Though the history of the school reform movement and its impact on schools and students are alarming, the story Ravitch sets out to tell is not one of hand-wringing despair. Rather, it is a heartening account of how teachers, parents and union leaders across the nation have been fighting against the damage caused by the Disrupters. The Resistance opposes privatization and misuse or overuse of standardized testing, and seeks adequate compensation for teachers and funding for public schools that has too long been diverted to charter schools.
Ravitch focuses on inspiring stories of the Resistance, including parents who led a successful opt-out movement in New York City, students who fought against high-stakes testing as a graduation requirement in Providence, R.I., and Seattle teachers who boycotted an unnecessary standardized test. She also highlights the powerful impact of statewide teacher walkouts in West Virginia, Oklahoma and Arizona, which demonstrated dramatically that in unity there is strength.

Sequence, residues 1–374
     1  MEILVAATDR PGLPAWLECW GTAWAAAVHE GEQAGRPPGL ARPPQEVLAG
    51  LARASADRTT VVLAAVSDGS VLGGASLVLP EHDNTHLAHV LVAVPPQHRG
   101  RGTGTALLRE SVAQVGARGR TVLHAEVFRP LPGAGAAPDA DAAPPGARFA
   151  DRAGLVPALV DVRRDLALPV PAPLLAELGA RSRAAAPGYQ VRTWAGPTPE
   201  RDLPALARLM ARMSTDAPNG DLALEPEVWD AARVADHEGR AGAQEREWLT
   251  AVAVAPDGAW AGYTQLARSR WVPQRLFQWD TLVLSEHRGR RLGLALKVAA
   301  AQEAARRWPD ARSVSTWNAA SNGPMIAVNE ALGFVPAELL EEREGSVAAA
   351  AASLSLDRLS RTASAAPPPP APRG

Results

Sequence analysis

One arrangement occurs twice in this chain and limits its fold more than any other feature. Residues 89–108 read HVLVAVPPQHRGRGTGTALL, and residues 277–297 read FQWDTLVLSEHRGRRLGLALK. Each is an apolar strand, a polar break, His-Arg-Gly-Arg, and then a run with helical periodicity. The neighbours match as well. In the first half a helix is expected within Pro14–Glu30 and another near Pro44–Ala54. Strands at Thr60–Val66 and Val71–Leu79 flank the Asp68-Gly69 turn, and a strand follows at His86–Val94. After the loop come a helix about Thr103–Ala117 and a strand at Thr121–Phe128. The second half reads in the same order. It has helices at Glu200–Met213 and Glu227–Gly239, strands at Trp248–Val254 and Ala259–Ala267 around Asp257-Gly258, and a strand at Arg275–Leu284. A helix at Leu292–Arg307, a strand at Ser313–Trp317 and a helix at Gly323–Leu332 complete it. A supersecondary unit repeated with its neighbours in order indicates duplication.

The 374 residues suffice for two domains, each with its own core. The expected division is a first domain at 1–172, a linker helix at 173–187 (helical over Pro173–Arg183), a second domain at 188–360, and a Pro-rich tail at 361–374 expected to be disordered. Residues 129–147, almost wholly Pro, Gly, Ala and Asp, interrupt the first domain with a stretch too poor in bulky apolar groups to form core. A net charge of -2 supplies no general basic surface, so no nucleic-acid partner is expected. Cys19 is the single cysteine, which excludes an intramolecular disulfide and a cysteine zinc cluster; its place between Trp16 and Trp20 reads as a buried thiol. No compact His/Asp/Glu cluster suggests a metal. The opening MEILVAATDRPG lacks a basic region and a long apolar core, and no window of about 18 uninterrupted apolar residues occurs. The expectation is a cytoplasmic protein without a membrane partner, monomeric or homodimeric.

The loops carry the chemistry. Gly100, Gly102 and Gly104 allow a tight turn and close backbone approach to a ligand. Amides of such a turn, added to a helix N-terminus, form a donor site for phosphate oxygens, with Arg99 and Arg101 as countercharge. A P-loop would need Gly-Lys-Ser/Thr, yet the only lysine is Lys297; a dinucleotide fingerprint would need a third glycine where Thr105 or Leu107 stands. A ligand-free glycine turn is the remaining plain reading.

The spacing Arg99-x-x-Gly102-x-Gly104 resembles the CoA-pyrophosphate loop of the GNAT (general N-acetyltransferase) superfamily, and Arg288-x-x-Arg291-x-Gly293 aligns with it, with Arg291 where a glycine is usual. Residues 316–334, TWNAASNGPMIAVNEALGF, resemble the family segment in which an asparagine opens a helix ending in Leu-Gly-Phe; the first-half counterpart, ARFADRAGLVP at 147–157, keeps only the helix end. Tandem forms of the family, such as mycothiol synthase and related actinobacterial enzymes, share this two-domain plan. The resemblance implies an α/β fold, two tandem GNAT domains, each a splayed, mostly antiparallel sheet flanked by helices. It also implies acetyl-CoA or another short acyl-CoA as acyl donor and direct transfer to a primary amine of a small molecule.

Ravitch’s message is not one of gloom and doom, but rather a rallying cry that shows how people everywhere are wising up and fighting back. “The great lesson of this story is that billionaires should not be allowed to buy democracy, although they are certainly trying to do so,” Ravitch writes. “The power of their money can be defeated by the power of voters.”
There is much to learn from this book, and much inspiration to be found. The book is not written as a how-to guide for the Resistance. It is a scrupulously thorough study of a tumultuous period in American education. However, the conscientious reader who seeks strategies to combat the pervasive damage done by the Disrupters will find useful information here, along with affirmation that fighting back is possible. To paraphrase one of the chapter titles, Goliath has stumbled. The reign of terror is not yet over, but the giant has been brought to its knees.
The Passionate Resistance to Privatization and the Fight to Save America's Public Schools
By Diane Ravitch
Knopf. 336 pp. $27.95